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Eye–voice span during rapid automatized naming of digits and dice in Chinese normal and dyslexic children


Address for correspondence: Reinhold Kliegl, Department of Psychology, University of Potsdam, Karl-Liebknecht-Str. 24/25, 14476 Potsdam, Germany; e-mail:; or Jinger Pan, State Key Laboratory of Cognitive Neuroscience and Learning, Beijing Normal University, 19th Xinjiekouwai Street, 100875 Beijing, China; e-mail:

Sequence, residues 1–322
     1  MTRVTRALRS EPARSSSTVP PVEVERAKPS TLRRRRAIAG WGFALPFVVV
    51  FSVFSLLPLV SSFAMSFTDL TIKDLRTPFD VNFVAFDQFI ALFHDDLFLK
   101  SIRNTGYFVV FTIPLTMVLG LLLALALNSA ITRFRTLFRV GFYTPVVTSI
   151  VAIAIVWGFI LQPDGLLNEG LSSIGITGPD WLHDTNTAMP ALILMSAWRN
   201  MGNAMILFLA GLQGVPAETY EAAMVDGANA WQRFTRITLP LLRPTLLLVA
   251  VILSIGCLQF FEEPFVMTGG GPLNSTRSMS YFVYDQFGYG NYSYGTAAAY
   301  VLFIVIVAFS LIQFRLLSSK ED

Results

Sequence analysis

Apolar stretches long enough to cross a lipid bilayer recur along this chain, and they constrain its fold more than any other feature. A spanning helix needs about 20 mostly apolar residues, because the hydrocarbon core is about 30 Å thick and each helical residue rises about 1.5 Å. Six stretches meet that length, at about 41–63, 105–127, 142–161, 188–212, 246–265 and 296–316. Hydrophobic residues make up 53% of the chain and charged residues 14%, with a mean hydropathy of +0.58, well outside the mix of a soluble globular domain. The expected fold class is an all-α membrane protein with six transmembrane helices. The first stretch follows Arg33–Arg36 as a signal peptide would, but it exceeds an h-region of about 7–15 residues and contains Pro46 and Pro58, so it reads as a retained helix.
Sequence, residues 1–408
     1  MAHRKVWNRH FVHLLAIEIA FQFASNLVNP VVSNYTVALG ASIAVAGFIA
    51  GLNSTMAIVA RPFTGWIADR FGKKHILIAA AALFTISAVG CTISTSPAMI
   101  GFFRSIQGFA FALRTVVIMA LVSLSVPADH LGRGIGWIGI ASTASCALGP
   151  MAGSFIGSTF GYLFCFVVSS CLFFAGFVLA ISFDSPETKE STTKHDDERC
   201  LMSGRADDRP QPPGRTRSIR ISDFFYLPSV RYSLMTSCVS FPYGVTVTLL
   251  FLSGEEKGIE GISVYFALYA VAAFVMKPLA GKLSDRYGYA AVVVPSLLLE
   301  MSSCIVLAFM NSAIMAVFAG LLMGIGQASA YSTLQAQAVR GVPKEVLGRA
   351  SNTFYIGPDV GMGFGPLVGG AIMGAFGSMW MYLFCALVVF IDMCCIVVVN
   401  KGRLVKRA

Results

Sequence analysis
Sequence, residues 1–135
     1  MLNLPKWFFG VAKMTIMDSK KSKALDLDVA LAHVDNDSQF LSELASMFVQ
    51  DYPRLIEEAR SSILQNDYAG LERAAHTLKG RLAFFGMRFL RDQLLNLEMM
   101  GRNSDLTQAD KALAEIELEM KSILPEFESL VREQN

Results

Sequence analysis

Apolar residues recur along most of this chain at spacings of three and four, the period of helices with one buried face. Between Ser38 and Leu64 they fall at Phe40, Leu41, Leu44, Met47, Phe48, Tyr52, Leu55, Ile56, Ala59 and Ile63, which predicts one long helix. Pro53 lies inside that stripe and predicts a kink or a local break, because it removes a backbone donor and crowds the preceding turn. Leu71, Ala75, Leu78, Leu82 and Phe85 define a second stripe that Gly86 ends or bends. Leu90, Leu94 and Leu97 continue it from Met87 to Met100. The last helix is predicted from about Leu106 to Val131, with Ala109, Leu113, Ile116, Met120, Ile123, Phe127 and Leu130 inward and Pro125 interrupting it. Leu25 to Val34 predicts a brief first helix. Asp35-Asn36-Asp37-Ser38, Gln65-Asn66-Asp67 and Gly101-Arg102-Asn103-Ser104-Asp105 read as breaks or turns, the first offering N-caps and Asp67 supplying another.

We measured Chinese dyslexic and control children's eye movements during rapid automatized naming (RAN) with alphanumeric (digits) and symbolic (dice surfaces) stimuli. Both types of stimuli required identical oral responses, controlling for effects associated with speech production. Results showed that naming dice was much slower than naming digits for both groups, but group differences in eye-movement measures and in the eye–voice span (i.e. the distance between the currently fixated item and the voiced item) were generally larger in digit-RAN than in dice-RAN. In addition, dyslexics were less efficient in parafoveal processing in these RAN tasks. Since the two RAN tasks required the same phonological output and on the assumption that naming dice is less practiced than naming digits in general, the results suggest that the translation of alphanumeric visual symbols into phonological codes is less efficient in dyslexic children. The dissociation of the print-to-sound conversion and phonological representation suggests that the degree of automaticity in translation from visual symbols to phonological codes in addition to phonological processing per se is also critical to understanding dyslexia.